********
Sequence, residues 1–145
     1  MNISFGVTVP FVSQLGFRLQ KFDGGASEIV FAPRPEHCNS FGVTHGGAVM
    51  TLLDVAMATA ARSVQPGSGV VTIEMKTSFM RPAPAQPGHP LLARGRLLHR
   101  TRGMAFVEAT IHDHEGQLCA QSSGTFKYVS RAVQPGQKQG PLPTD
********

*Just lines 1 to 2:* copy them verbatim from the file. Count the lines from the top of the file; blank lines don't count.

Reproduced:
Sequence, residues 1–145
     1  MNISFGVTVP FVSQLGFRLQ KFDGGASEIV FAPRPEHCNS FGVTHGGAVM